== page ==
9 Am. St. Rep. 708; Taylor v. Fleet, 4 Barb. (N. Y.) 95; Taylor v. Ford, 131 Gal. 440, 63 Pac. 770; Stewart v. Ticonic Nat. Bank, 104 Me. 578, 72 Atl. 741. A settlement with a railway Company for injuries is binding, although the parties were ignorant of the extent of the injuries. Rideal v. Railway Co., 1 Fost. & F. 706; Seeley v. Traction Co., 179 Pa. 334, 36 Atl. 229; Kowalke v. Light Co., 103 Wis. 472, 79 N. W. 762, 74 Am. St. Rep. 877; Houston & T. C. R. Co. v. McCarty, 94 Tex. 298, 60 S. W. 429, 53 L. R. A. 507, 86 Am. St Rep. 854. See "Contracts," Dec. Dig. (Key-No.) § 93; Cent. Dig. §§ 415-419.
34 "But sometimes, even when the thing which is the subject-matter of an agreement is specifically ascertained, the agreement may be avoided by material error as to some attribute of the thing, for some attribute which the thing in truth has not may be a material part of the description by which the thing was contracted for. If this is so, the thing as it really is, namely, without that quality, is not that to which the common intention of the parties was directed, and the agreement is void. An error of this kind will not suffice to make the transaction void, unless (1) it is such that, according to the ordinary course of dealing and use of language, the difference made by the absence of the quality wrongly supposed to exist amounts to a difference in kind; (2) and the error is also common to both parties." Pol. Cont (3d Ed.) 450. See, on this point, Brant. Cont. 104-108; Miles v. Stevens, 3 Pa. 21, 45 Am. Dec. 621; IRWIN v. WILSON, 45 Ohio St. 420, 15 N. E. 209, Throckmorton Cas. Contracts, 176; Watson v. Brown, 113 Iowa, SOS, 85 N. W. 28. See "Contracts," Dec. Dig. (Key-No.) § 93; Cent. Dig. §§ 415-419.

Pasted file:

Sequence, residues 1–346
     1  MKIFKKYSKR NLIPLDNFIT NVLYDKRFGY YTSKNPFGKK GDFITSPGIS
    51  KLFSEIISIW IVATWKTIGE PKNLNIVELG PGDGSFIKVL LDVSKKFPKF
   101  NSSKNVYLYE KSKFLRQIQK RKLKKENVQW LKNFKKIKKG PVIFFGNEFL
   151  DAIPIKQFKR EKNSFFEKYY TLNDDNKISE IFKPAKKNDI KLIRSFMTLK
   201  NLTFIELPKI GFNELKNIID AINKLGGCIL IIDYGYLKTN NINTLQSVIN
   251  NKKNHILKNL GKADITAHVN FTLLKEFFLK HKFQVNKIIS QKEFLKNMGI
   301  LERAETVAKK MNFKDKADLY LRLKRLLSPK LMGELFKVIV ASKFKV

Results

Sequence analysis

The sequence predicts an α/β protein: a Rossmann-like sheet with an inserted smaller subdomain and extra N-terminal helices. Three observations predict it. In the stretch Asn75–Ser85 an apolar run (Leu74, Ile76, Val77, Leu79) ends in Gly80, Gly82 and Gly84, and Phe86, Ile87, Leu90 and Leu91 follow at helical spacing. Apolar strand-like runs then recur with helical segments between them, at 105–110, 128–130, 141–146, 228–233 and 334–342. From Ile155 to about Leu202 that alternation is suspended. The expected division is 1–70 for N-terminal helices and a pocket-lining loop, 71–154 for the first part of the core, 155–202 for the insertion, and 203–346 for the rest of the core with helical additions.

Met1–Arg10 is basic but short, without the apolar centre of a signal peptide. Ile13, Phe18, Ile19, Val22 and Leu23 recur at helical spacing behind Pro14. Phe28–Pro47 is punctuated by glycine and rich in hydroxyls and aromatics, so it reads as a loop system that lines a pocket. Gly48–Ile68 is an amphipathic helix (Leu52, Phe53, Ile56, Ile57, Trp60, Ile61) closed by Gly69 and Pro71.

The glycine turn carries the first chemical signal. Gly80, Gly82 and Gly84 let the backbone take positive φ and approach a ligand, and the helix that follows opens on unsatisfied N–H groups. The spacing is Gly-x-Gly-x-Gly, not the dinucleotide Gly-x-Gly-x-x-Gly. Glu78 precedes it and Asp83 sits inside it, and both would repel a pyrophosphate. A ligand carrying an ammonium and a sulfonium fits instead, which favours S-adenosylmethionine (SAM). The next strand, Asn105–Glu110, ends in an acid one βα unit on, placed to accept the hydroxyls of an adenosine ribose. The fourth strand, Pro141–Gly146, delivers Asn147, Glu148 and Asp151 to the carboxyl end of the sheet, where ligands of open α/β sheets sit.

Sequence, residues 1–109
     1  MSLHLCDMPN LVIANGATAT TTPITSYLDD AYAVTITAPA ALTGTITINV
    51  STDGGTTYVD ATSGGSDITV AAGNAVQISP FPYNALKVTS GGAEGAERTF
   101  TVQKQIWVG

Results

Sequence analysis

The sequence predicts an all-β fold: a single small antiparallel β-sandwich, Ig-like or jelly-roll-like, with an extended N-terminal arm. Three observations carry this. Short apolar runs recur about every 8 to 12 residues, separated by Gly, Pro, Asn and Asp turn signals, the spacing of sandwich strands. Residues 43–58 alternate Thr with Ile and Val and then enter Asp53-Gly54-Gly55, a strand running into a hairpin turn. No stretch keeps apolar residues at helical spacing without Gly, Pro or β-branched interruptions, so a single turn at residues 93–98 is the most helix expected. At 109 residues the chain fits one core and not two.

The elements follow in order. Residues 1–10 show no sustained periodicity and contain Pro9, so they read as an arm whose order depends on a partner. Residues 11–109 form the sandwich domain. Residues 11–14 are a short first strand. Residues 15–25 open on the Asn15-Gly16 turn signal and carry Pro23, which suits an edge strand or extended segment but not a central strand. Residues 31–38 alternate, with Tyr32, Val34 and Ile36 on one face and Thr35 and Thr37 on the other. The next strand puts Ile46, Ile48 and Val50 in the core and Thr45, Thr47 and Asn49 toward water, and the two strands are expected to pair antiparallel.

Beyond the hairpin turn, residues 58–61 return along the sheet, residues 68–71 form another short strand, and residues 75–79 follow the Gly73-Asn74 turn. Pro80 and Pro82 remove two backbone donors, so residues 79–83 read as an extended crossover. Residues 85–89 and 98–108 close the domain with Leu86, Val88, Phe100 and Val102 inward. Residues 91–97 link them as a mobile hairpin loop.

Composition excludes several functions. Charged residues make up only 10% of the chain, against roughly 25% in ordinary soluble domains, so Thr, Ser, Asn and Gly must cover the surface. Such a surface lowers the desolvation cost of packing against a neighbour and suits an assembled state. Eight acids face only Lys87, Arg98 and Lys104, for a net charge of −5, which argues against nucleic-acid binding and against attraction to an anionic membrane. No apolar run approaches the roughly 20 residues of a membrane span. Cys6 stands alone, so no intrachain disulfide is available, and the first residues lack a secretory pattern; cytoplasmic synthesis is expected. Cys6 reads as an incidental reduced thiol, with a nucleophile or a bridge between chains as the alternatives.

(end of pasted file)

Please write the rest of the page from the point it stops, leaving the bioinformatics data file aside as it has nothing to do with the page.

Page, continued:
35 Hood v. Todd, 139 Ky. 426, 58 S. W. 783. See "Vendor and Purchaser," Dec. Dig. (Key-No.) § 31; Cent. Dig. §§ .3.5-37.
36 WOOD v. BOYNTON, 64 Wis. 2G5, 25 N. W. 42, 54 Am. Rep. 610, Throckmorton, Cas. Contracts, 180. See "Sales," Dec. Dig. (Key-No.) §§ 19, 36; Cent. Dig. §§ 32, 63, 61,.
37 Hecbt v. Batcheller, 147 Mass. 335, 17 N. E. 651, 9 Am. St Rep. 708. See "Sales," Dec. Dig. (Key-No.) § 36; Cent. Dig. §§ 63, 64.
believed by the parties to be barren, and hence worth oniy $80, which was the price, but actually capable of breeding, and hence worth not less than $750, and it was held that the seller could rescind on the ground that the mistake went to the substance of the agreement.88
Quantity as well as quality may be a condition of the contract, and in such case, if the designated quantity does not exist, there is no contract because of the nonexistence of the subject-matter. Where, for example, the contract is for the sale of a described tract, which is also described as containing a certain number of acres, it has been held that a material difference in the quantity is ground for rescission.88